Nick Clegg orders independent study into Bedroom tax

Research is underway to examine impact of controversial Government policy

Independent research into the impact of the so-called Bedroom Tax has been ordered by the Government, Deputy Prime Minister Nick Clegg said today.

Mr Clegg said the study was needed to find out whether tenants could opt to take a smaller house or flat to avoid a deduction in their benefits.

Under the reforms, tenants with one spare bedroom have had a payment reduction of 14 per cent and those deemed to have two or more spare have seen their benefits cut by 25 per cent. For special cases, councils have been handed a discretionary housing fund to help tenants pay their rent.

But Labour claim that because there is a shortage of smaller properties, many tenants cannot downsize and the fund is inadequate.

Research: Government's projected savings from bedroom tax were ‘exaggerated’

Labour deputy leader Harriet Harman said the shortage in social housing means only one in 25 households affected by the spare room subsidy can actually choose a smaller property without an extra bedroom.

Mr Clegg told the House of Commons today he suspected the problem varied across the country. He said research was now under way to determine the impact of the Government policy.

He said: "Of course, I accept that there will be cases where for some households this change from one system to another creates real dilemmas which need to be addressed through the money we are making available to local authorities.

"To be honest, I have seen lots of widely different figures being cited about the impact of this policy - that is why we are commissioning independent research to exactly understand the impact of this.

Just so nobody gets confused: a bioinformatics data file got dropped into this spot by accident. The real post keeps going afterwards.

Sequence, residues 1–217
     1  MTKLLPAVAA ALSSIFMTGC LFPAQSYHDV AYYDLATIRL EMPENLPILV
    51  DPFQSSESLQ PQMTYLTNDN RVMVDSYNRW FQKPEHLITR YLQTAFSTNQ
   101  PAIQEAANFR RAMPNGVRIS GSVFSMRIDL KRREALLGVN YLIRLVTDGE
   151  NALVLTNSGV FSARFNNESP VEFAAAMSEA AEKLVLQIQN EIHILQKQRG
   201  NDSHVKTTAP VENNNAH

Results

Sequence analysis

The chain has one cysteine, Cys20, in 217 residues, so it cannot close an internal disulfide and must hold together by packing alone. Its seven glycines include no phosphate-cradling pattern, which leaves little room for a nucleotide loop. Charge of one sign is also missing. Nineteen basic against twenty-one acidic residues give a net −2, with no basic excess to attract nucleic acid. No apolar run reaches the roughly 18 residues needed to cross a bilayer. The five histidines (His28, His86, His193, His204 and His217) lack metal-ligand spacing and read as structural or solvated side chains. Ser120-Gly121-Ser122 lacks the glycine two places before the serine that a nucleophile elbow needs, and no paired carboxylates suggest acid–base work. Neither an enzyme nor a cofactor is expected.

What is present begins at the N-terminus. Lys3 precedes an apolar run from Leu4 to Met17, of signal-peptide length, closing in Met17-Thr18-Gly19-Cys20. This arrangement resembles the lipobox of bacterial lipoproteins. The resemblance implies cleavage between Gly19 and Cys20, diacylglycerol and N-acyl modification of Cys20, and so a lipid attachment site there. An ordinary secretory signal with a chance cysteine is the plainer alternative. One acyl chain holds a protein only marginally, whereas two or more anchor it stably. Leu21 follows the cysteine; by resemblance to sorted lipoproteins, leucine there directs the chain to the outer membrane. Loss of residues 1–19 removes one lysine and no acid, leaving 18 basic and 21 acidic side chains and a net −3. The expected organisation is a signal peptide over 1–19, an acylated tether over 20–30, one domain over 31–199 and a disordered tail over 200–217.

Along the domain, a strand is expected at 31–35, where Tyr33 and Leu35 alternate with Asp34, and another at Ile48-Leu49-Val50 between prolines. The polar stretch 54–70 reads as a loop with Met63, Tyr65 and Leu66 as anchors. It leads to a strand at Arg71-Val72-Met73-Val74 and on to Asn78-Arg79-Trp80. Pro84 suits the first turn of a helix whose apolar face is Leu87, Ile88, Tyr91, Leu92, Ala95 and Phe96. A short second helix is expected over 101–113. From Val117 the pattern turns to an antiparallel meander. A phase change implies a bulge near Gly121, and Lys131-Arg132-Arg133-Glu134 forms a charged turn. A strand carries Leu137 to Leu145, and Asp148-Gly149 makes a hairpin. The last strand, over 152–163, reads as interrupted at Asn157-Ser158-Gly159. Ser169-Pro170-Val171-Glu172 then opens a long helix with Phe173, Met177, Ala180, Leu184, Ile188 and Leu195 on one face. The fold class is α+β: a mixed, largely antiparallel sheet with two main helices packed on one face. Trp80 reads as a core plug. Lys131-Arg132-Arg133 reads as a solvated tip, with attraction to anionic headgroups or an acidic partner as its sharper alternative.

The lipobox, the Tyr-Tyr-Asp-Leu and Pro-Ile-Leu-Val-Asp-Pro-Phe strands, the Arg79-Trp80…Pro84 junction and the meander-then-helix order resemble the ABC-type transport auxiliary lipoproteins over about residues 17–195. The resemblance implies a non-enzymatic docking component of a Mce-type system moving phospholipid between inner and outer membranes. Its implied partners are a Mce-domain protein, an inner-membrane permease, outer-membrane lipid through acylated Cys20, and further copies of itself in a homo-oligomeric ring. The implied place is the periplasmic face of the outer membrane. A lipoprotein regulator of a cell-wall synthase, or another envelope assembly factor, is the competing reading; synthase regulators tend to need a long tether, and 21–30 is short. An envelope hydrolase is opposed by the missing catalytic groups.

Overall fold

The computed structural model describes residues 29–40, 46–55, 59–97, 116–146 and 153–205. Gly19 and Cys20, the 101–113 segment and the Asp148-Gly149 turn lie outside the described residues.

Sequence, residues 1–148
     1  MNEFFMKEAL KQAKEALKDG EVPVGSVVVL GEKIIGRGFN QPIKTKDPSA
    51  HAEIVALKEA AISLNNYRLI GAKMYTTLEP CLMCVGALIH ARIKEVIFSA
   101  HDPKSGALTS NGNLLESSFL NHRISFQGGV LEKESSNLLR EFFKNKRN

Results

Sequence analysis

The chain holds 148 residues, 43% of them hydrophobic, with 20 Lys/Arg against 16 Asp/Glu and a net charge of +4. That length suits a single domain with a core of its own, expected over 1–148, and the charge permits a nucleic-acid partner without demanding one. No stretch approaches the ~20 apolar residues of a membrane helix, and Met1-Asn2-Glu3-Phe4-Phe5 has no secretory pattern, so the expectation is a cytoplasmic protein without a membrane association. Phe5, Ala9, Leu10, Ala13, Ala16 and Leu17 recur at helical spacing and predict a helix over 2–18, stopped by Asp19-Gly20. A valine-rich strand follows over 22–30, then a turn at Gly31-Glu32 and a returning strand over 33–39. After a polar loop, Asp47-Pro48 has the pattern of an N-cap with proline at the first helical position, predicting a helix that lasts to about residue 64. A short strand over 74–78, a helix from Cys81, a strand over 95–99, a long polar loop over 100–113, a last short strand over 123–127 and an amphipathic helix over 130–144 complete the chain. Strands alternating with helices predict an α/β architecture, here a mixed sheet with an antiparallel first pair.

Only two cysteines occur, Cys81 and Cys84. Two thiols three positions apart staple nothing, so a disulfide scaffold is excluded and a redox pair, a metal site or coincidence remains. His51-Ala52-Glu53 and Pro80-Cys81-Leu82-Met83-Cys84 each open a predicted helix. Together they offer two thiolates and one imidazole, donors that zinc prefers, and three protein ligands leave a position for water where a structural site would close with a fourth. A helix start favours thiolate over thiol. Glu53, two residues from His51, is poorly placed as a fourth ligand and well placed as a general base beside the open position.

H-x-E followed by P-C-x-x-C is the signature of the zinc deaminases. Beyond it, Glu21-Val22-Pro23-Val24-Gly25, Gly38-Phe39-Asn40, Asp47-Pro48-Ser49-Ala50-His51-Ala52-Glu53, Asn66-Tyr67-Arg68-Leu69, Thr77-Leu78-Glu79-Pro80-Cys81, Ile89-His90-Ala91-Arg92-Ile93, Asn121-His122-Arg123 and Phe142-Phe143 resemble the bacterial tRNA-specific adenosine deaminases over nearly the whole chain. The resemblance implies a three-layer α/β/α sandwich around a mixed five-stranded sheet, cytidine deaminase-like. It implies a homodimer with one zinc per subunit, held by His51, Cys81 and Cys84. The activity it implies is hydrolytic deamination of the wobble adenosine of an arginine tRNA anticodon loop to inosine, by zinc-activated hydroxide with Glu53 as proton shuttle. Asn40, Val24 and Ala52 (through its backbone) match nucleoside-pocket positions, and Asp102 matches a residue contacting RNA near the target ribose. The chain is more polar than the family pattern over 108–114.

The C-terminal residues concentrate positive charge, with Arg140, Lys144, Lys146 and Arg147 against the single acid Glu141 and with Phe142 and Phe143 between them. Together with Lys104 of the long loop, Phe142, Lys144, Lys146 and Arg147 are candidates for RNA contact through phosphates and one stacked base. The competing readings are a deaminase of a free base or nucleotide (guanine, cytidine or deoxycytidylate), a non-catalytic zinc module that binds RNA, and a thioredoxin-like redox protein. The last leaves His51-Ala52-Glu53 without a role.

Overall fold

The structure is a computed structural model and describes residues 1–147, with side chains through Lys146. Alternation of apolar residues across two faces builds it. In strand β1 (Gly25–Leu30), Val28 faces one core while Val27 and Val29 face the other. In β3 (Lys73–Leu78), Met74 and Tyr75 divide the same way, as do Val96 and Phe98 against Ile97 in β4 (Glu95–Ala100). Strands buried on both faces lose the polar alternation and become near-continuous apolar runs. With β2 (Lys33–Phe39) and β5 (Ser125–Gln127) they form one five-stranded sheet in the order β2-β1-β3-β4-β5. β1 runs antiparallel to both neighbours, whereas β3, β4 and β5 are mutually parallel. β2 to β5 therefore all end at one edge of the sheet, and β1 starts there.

"I suspect it varies enormously between one part of the country and another, and one local authority and another. That is why we are trebling, as I say, the resources we are making available to local authorities."

He added that the Government was now providing "hard cash for hard cases". He said: "I am not at all seeking to ignore that there are some individual cases which really do need the flexibility and the money from local authorities so that they can be dealt with."

Mr Clegg's comments came after a question from Ms Harman.

In her question to Mr Clegg in the Commons, she said: "What you don't want to admit, obviously, is that for 96 per cent of tenants there isn't a smaller home to go to and so it is no wonder that the councils are saying that the discretionary housing fund on that basis is completely inadequate to help all the families who can't move and are falling into arrears.

"Will you recognise that this is a cruel and unfair policy that you shouldn't have voted for and will you repeal it now?"

Details of the study's findings will be reported in the autumn. A Government spokesman said: "The Department for Work and Pensions routinely commissions research on their new policies. The Deputy Prime Minister was referring to evaluation work already being carried out by an independent consortium into this policy."

Mr Clegg has not just faced pressure from Labour for supporting the policy. At the Liberal Democrat conference in Glasgow last month, many activists were angry at the party's support for the spare room subsidy and tabled a motion.

Activist Linda Jack, from Mid Bedfordshire, said she left the conference hall after the debate on the economy "wondering if there was still a place for me in this party".

Highlighting the policy, she added: "All I see is what appears to be an abandonment of our values."

PA

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